It’s a late night in the study of a British hotel suite during a certain scene in Stan & Ollie, but the transatlantic travel and sleepless hours aren’t enough to squash Stan Laurel (Steve Coogan) and Oliver Hardy’s (John C. Reilly) creative juices. Now in the later stages of their careers, the pair is workshopping ideas for a Robin Hood film parody that will never come to be, but they don’t know this yet. Instead Laurel is explaining and demonstrating a sight gag involving a curtain to Hardy, who plays along until the punchline and breaks out into laughter.
There are many moments like this in Stan & Ollie, the latest from Filth director Jon S. Baird and co-writer Jeff Pope, who worked on Coogan’s Philomena. The story they’ve crafted, one billed as a familiar celebrity biopic, is as sweet as it is predictable, and moviegoers familiar with the sometimes Oscar-baiting biopic genre will recognize many of the major beats. Even so, what makes the film work are the character-driven moments in which Coogan and Reilly manage to channel Stan and Ollie with uncanny ease.
Stan & Ollie begins with a look back at the titular pair’s initial break with Hollywood mega-producer Hal Roach (Danny Huston), who helped launch their hugely popular comedy films in the 1930s and 1940s. They’re unhappy about their contract and ready to demand more money, but when the time comes to confront Roach, Hardy backs down, leaving Laurel to fend for himself. This drives a wedge between them that will later resurface in flashbacks and a penultimate confrontation in the film’s final act when they are older, wiser, and more tired.
As necessary for the story as these beats are, Stan & Ollie is less about Laurel and Hardy’s beginnings and more about the twilight of their partnership. This is where the late night brainstorming scene comes into play. The movie follows their reunion for a 1953 tour of the British Isles. Despite the efforts of a well-meaning manager (Rufus Jones), the various venues they are booked to play are barely selling any tickets. This quickly wears the pair down, almost as much as the Hardy’s health problems and Laurel’s fleeting suspicion that the Robin Hood film will never happen.
Yet they persevere, and this is where the meat of the movie really is. Watching these two prepare time after time to put on many of the same popular routines from their films, traveling to the next gig and working out new material in the interim makes Stan & Ollie excel beyond its otherwise bland, genre-specific elements. Yes, there’s the long buildup to a nasty fight between Laurel and Hardy. Yes, there’s a health scare. Yes, there’s a form of reconciliation before the end credits roll. But what really works are the intimate moments these two men and, dare I say it, friends share with one another.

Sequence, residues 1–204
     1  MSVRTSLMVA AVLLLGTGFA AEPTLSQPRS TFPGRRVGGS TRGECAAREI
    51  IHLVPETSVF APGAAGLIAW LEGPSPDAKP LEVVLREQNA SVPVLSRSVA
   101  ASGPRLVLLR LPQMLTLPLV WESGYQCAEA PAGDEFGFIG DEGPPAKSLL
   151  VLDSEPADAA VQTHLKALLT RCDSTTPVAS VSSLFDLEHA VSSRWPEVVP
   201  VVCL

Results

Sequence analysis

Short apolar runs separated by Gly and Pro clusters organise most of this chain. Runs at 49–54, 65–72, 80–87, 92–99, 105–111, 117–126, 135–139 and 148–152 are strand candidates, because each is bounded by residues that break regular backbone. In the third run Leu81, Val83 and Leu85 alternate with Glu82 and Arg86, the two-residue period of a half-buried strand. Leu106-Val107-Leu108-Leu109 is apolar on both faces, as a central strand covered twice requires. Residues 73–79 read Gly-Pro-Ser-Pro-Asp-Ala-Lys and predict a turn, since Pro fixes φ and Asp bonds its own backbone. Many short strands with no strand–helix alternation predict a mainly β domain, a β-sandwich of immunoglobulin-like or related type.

Consider the oft-teased trunk scene from the trailers. The pair is rushing to catch a train before it departs and struggling with the sheer amount of luggage that accompanies them. When Hardy inquires about the time, Laurel asks him to hold a trunk so that he can check his watch. Unfortunately for them, Hardy grabs the wrong piece of luggage and before Laurel can react, the trunk in question begins its fateful slide down a stairwell. Soon after it stops, the heavier and decidedly more exasperated Hardy quips, “Do we really need that trunk?”
In many ways, this scene operates as a sort of meta-play on the comedy bits most often associated with their comedy films. It’s also a great way to introduce audiences to the men behind the film characters, for the real challenge in bringing them to life is figuring out how to play two parts at once. We know how the Laurel and Hardy of the Laurel and Hardy films would react in such a scenario, but what about the men themselves? Would the cerebral and witty Laurel tease his companion over the gag? Would the more curmudgeonly Hardy berate his partner for giving him the wrong suitcase?
Coogan and Reilly accomplished this feat by rehearsing the routines for over a month just to get them right. In all that time they also managed to capture both sides of their respective characters. Coogan perfects the linguistic tics and physical mannerisms of the seemingly shyer Laurel with ease, while Reilly combines the tools afforded him (a fat suit and significant prosthetics) with a strong sense of physicality and friendly tiredness to bring Hardy back to life. Their character work is so good, in fact, that it’s enough to drive the film despite its paint-by-numbers approach to this particular genre of filmmaking.
Huston’s Roach, Jones’s manager and other minor characters earn honorable mentions, of course, though a review of Stan & Ollie, regardless of its opinion, would be incomplete without mentioning Shirley Henderson and Nina Arianda’s work as Lucille Hardy and Ida Kitaeva Laurel. The former excels as Hardy’s demonstrably smaller but fiercely supportive wife. She acknowledges his longtime collaboration with Laurel, but is more than willing to defend him against his partner’s perceived penchant for overworking him. Arianda, meanwhile, gleefully chews the scenery as Laurel’s Russian wife, a woman who is seemingly independent of her husband’s needs but always down for a public fight on his behalf if necessary.
Henderson and Arianda’s performances, along with Coogan and Reilly’s as the title characters, help make Stan & Ollie seem far better than it really has any right to be. Because this is a standard Hollywood biopic that is replete with creative navel-gazing. It boasts many of the beats that audiences, especially Academy voters, have come to expect from such fanfare. In spite of such caveats, however, Stan & Ollie manages to succeed in large part because of the work that Coogan, Reilly, Henderson and Arianda have put into their performances.